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1 Jul 2022

Glencoe turf house keeps heritage building skills alive

Woman in brown t-shirt with long red hair stands next to traditional thatch longhouse
Lucy Doogan is a trainee who has worked on the project and can trace her family back to those who lived in Glencoe at the time of the Massacre in 1692.
The recreation 17th-century turf house was created using traditional materials, tools and techniques.

Visitors to Glencoe National Nature Reserve can now explore the turf and creel house for themselves at the Glencoe Visitor Centre, where its heather-thatched roof and earth walls blend into the mountain backdrop.

The turf, wattle and thatch structure was erected using traditional materials, tools and techniques by a team of skilled craftspeople in 2021. It has the same footprint as one of the late 17th-century dwellings excavated by the Trust’s archaeologists and volunteers at the former township of Achtriachtan, near the famous ‘Three Sisters’ of Glencoe.

As they step inside to discover the workmanship that has gone into the building, visitors will also be immersed in the sounds of history, thanks to an installation that conjures up the sounds, speech and songs of life here in the glen 300 years ago.

Developed with the involvement of historians, musicians, local Gaelic speakers and school children, the soundscape comprises over 200 different sound elements that were carefully chosen to give the interior an authentic and evocative atmosphere, with each representing a different local story.

Listeners will hear the cry of wildlife and livestock, the commotion of construction and daily toil, the chatter of domestic life, and the sounds of socialising at a traditional evening ‘ceilidh’. Together they create a subtle backdrop of universally recognisable noises alongside overheard Gaelic voices.

The audio installation was designed by creative producer and sound artist Guy Veale, who has worked on numerous National Trust for Scotland projects.

Renowned local Gaelic musicians, Iain MacFarlane, Ingrid Henderson and Ewen Henderson, as well as our own Fiona Mackenzie, curator of the Canna House Gaelic archive, are among those who contributed their voices and instrumental pieces to the soundscape. Young Gaelic speakers at Acharacle Primary School were also recorded to give the babble of children at play.

Traditional thatched building sitting in a green valley

Emily Bryce, the National Trust for Scotland’s Operations Manager for Glencoe said: ‘Turf and creel houses were once scattered across the Highlands and are an important part of Scotland’s architectural heritage. They tell us a lot about the communities in pre-Clearance Highland landscapes like Glencoe.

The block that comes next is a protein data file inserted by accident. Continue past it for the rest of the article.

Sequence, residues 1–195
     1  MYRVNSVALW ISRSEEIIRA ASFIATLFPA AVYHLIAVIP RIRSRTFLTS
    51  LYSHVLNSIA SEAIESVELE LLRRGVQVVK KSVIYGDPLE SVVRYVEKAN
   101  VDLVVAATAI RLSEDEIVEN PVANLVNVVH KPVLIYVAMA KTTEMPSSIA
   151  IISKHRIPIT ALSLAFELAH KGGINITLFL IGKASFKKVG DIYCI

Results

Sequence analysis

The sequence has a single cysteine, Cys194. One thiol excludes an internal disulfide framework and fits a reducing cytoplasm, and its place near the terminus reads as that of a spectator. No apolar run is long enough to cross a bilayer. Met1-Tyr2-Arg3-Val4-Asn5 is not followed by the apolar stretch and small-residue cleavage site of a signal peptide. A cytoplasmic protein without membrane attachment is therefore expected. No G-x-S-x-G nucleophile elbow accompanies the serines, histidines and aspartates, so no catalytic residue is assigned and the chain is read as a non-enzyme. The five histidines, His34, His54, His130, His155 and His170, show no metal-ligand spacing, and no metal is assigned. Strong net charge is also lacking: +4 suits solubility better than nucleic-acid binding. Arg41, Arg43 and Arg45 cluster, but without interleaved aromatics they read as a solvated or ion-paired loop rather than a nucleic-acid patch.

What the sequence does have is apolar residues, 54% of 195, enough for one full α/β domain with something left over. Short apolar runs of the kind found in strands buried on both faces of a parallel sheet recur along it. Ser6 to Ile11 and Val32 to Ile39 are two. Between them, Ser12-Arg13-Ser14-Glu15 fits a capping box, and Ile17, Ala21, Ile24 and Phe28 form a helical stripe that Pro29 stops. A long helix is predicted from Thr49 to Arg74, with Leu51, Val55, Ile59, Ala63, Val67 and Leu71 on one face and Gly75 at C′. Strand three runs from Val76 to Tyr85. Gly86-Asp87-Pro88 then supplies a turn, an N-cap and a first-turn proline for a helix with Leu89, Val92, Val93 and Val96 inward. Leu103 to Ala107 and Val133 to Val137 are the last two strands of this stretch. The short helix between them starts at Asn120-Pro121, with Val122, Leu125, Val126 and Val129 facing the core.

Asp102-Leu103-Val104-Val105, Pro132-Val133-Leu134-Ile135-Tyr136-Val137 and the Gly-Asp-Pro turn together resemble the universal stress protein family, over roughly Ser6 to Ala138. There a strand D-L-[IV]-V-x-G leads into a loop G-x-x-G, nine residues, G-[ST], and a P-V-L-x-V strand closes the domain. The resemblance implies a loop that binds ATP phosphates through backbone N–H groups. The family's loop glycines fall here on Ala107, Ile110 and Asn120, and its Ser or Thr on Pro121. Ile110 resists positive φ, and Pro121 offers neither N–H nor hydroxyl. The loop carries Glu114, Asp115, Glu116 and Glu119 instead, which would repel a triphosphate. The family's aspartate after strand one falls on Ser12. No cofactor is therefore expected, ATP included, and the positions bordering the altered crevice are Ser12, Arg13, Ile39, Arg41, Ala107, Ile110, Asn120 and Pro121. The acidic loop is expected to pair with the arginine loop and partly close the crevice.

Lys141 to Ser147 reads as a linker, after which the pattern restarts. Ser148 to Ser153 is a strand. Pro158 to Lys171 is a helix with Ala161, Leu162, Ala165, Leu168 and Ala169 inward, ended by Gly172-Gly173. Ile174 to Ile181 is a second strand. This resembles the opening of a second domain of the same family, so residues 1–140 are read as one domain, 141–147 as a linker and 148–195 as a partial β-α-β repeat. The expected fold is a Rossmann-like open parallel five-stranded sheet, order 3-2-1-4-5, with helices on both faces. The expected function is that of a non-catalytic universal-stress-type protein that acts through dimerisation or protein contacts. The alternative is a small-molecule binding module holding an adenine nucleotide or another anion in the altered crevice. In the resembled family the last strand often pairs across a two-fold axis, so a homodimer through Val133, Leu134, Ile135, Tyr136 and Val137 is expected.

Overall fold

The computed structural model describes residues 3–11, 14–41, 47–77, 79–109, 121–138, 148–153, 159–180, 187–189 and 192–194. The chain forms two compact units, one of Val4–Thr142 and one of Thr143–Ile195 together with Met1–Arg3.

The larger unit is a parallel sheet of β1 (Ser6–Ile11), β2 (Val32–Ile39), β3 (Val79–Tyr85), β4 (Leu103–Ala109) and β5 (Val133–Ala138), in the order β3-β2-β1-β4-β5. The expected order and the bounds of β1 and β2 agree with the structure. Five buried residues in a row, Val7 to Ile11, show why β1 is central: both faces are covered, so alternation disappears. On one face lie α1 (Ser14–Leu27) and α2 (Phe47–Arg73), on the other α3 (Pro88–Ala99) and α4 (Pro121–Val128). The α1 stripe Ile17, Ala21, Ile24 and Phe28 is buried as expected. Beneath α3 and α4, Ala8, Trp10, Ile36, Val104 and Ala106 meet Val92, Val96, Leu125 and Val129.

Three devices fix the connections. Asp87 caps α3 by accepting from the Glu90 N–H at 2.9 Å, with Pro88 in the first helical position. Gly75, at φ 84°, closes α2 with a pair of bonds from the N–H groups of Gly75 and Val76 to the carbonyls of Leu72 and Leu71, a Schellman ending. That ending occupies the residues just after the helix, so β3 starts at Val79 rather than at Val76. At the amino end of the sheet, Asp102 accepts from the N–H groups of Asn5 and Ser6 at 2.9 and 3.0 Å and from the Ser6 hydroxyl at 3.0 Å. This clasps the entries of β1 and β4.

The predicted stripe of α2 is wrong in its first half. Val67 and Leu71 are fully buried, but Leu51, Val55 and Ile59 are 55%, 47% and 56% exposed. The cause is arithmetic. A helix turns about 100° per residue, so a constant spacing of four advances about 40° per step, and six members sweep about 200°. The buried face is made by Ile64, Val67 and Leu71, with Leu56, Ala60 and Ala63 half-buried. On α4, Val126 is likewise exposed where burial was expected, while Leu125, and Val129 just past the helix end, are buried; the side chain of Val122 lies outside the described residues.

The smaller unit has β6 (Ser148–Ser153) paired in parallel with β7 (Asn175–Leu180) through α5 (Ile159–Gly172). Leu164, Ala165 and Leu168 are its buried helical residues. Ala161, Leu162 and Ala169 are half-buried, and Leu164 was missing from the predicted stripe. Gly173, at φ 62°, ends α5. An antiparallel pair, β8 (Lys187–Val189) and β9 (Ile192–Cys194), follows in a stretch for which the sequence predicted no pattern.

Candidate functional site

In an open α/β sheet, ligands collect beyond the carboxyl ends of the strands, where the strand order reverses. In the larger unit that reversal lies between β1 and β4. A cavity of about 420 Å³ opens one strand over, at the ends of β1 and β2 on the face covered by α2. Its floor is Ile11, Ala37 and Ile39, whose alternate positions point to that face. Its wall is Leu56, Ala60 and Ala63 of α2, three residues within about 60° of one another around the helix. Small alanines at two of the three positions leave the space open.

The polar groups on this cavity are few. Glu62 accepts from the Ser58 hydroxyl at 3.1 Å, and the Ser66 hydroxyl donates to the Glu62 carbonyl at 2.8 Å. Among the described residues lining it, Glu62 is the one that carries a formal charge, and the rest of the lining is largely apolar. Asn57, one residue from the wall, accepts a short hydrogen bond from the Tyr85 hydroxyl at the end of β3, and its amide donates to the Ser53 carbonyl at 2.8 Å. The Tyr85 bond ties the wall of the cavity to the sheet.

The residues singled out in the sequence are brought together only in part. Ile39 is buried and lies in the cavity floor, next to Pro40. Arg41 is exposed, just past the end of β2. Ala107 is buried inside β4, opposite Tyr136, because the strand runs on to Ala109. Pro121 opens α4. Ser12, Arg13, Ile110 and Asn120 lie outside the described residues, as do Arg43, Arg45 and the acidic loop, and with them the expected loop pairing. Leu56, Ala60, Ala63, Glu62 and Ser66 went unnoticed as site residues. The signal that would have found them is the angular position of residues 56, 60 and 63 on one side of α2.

‘While tourists who come here have often heard of the tragic events of the Glencoe Massacre, we want them to go away with an understanding of the lives that were lived here, as well as those that were lost here in 1692.

‘This building now offers a great space in which to immerse visitors from around the world, and the community on our doorstep, in the story of those who made their homes here for centuries.

‘We are incredibly grateful to the support of all those whose donations have made this project possible and are looking forward to the next stage in its development. This is very much a work-in-progress and we will continue to work together with local partners to explore ways to make the most of this unique building.’

Lucy Doogan, one of the HES trainees, grew up in Glencoe and can trace her family back to those who lived here at the time of the Massacre of 1692. Lucy said: ‘It has been fantastic to have the opportunity to be part of this. Our creel house really helps visitors visualise a time when the glen itself would have looked very different to how it does today, home to a bustling community living in wee townships with a rich Gaelic culture. I hope we can rekindle this past while creating new stories here in the future.’

As well as the soundscape, visitors can join free daily guided tours around the turf and creel house, which offer a deeper insight into the project and the history that inspired it. There is also a new film charting the creel house’s construction in the visitor centre’s cinema.

The Glencoe Turf House project is part of the National Trust for Scotland’s vision to deliver Nature, Beauty & Heritage for Everyone. The project contributes to its engagement objectives, specifically to:

  • provide inspiring heritage visitor experiences, and
  • to be a learning organisation by championing skills to support traditional conservation and innovation.

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